In 1959, a glittering new amusement park beckoned just off Route 128 in Wakefield.
Billed as “Disneyland of the East“Pleasure Island had it all: themed restaurants, simulated gunfights, and 80 acres of rides and attractions built to rival the house of the mouse.”
The new park had big dreams but quickly burned out and was closed after only eleven seasons.
A few reminders of its existence remain today, including “Pleasure Island Road” signs off Interstate 95/Route 128. Oh, and an animatronic whale nestled in an office park (more on that in a moment).
Pleasure Island’s brief operation ended more than 50 years ago and the site has long since been redeveloped. Why are the Pleasure Island Road signs still there today?
As in New England, the answer has a lot to do with local history.
Designed by CV Wood, the man who planned and monitored Pleasure Island, the island founded by Disneyland a few years earlier, opened on June 22, 1959. Creators hoped to attract 1.2 million guests in the first season, according to author Robert McLaughlin, co-founder of the island Pleasure Island friends who has written several books about the park.
“It was pretty cool, except for one small problem: We’ve had more rain that season … than we’ve had since about 1927, I think,” he told Boston.com.
Pleasure Island couldn’t even attract the visitors it needed to pay the bills, and the park went bankrupt in its first season.
A change in ownership and pricing policy helped make the park a profitable venture, McLaughlin explained. Over the years, Pleasure Island has hosted notable artists such as the Three Stooges, Duke Ellington and Ella Fitzgerald.
In the amusement park’s Old West-themed area, actors staged simulated gunfights and train robberies. “Clipper Cove,” a recreation of a New England fishing village, was the home of the “Moby Dick“Attraction featuring an animatronic whale emerging from a pond and spewing water.
“You’re going to hear a lot of excitement about whether the whale is still in the water,” McLaughlin said. “It’s still; It’s still there.”
Last year, YouTuber sparkiegames visited the site — now an office park — and traveled to the pond to confirm that the whale remains in its water grave.
Why was Pleasure Island closed?
After several years and several ownership changes, the park suffered from underinvestment and declining foot traffic, McLaughlin explained. Last season, Pleasure Island is a “ghost of the park that opened in 1959,” he said.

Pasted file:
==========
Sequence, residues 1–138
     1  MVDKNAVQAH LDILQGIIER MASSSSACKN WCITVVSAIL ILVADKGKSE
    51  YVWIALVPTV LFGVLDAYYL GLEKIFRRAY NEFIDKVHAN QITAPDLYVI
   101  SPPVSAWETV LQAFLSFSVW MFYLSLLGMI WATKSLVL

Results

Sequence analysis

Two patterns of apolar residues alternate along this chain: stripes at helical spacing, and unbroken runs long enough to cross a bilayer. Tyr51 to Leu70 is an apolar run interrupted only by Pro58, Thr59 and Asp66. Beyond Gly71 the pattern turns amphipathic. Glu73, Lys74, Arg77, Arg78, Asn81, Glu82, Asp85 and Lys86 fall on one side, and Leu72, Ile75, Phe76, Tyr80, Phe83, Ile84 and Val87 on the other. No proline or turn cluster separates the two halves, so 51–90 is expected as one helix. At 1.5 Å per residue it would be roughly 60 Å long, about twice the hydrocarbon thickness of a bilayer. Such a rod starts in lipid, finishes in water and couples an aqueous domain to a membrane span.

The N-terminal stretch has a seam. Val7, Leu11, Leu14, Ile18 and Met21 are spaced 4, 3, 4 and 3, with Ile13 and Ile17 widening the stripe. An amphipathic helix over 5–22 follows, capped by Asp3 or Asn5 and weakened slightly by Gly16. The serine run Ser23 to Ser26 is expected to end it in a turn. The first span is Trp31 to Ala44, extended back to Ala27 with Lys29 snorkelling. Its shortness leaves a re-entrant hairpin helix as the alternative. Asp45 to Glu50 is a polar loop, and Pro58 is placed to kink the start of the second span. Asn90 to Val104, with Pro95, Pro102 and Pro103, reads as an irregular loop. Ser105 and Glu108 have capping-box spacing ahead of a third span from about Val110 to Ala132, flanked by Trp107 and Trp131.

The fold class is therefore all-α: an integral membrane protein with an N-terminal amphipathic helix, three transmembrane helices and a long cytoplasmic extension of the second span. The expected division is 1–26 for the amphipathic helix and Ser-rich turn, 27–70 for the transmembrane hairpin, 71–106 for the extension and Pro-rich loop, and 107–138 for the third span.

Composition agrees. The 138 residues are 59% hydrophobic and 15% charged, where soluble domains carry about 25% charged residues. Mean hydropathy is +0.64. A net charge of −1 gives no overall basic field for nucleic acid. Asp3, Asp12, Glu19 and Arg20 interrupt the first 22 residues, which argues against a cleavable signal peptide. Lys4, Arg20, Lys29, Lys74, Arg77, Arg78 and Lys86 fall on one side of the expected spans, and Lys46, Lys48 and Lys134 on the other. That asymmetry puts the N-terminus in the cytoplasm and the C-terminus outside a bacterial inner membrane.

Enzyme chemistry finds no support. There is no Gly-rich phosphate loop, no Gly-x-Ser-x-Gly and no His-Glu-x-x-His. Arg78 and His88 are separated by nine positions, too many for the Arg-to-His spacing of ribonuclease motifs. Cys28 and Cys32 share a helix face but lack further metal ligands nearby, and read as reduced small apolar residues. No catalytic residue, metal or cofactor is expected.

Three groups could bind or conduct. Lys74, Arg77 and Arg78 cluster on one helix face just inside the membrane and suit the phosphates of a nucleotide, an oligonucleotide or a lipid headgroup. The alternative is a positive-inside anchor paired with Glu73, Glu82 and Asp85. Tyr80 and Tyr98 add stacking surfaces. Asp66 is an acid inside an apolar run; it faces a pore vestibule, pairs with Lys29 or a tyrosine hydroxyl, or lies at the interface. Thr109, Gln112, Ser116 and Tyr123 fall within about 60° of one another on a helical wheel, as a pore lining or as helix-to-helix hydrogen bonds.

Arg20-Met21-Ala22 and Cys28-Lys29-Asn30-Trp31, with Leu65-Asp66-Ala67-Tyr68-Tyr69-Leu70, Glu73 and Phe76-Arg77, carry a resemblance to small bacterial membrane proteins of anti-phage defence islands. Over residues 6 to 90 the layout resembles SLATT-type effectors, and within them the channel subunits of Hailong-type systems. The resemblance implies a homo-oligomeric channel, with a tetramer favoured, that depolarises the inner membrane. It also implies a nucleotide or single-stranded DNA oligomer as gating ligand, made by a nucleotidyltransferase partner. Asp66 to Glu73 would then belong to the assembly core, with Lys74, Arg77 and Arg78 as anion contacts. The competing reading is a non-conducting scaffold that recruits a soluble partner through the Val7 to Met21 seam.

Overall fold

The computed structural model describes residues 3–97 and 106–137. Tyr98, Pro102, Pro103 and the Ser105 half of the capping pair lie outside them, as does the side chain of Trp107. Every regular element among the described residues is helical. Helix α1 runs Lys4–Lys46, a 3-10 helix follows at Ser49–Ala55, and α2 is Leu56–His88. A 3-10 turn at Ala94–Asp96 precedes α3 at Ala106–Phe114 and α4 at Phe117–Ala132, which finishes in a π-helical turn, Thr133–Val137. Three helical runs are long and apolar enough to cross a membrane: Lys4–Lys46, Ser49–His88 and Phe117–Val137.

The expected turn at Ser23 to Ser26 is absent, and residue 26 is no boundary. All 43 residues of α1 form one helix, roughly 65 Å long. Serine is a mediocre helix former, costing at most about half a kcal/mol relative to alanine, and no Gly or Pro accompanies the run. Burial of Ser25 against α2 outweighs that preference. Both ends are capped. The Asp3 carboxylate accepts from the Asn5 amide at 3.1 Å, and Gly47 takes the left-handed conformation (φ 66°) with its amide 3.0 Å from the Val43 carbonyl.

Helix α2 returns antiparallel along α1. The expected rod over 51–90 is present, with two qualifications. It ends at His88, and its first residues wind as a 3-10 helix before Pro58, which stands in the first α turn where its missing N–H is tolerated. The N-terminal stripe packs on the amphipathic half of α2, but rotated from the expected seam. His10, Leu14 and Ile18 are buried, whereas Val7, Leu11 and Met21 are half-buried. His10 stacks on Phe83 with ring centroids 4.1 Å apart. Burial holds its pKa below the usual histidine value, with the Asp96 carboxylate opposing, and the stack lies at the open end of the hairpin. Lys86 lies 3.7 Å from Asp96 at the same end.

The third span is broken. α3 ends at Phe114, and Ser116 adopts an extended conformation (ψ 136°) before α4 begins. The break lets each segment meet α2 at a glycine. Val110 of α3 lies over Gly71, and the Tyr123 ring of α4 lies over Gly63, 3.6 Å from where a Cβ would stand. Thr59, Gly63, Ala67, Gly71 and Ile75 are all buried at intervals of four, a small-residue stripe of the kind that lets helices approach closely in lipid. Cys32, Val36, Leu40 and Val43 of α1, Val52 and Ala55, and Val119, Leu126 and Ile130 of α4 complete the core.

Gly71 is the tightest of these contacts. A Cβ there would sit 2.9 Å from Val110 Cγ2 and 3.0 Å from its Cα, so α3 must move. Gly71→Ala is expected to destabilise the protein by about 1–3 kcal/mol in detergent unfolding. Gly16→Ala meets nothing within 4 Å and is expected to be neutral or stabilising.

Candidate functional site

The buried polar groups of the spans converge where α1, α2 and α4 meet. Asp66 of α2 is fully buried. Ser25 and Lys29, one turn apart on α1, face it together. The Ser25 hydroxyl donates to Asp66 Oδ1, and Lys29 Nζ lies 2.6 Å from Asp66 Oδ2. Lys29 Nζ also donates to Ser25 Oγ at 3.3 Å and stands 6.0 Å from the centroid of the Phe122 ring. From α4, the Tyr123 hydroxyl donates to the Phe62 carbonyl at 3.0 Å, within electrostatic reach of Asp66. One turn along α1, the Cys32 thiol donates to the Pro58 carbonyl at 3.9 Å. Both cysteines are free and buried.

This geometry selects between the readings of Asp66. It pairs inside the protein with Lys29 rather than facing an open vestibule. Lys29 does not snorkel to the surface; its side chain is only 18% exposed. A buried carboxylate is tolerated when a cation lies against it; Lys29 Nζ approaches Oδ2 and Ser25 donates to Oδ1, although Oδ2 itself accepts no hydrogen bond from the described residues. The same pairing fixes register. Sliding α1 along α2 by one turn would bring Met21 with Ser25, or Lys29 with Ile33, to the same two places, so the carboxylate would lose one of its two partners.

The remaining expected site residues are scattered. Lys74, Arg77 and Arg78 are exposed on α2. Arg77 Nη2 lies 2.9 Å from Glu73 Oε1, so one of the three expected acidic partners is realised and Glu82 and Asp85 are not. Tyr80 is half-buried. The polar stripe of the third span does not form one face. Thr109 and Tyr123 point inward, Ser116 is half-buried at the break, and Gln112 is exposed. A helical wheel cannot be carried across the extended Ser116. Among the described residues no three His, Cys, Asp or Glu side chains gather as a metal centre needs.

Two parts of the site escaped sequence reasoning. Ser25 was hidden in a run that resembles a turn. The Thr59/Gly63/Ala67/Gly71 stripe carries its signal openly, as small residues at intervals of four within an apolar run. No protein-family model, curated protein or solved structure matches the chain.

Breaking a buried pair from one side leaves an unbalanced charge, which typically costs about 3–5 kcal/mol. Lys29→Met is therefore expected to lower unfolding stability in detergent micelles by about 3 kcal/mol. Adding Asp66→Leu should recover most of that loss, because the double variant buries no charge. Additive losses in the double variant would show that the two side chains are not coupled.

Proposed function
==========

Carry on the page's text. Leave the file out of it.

In McLaughlin’s view, part of the failure of Pleasure Island can be traced to a radical shift in the 1960s, as America transitioned from the idyllic “Leave It to Beaver” ideals to the countercultural revelations of Woodstock.
The tame Moby Dick ride just wasn’t enough anymore; Kids wanted roller coasters.
“But the main reason [that Pleasure Island closed] “The land became more valuable than the company itself,” McLaughlin said. “If there is an end result, then that is the end result.”
What about those highway signs?
According to the Massachusetts Department of Transportation, Pleasure Island Road signs have been on I-95/128 since the 1960s, when Pleasure Island Road ran from Salem Street to the park entrance.
Wakefield renamed most of the road after the park’s closure, and Pleasure Island Road is now just a short distance inside the interchange. Like its namesake, however, the street left a lasting impression – that even exists a song that shares his name.
According to the department, the new freeway signs near exit 60 were recently installed as part of a MassDOT project to replace and update wayfinding and traffic signs in the area.
MassDOT retained Pleasure Island Road on these signs “both in recognition of the importance of the Pleasure Island name to the area and because it is a well-known street name for traffic passing through the Salem Street interchange,” a spokesman told Boston .com
These highway signs are a recognition that half a century later, many North Shore locals still yearn for Pleasure Island.
“It was just a different time, a different era, a different space,” McLaughlin said. “So a lot of people are really reaching for those memories.”
Subscribe to Newsletter
Stay up to date with the latest news from Boston.com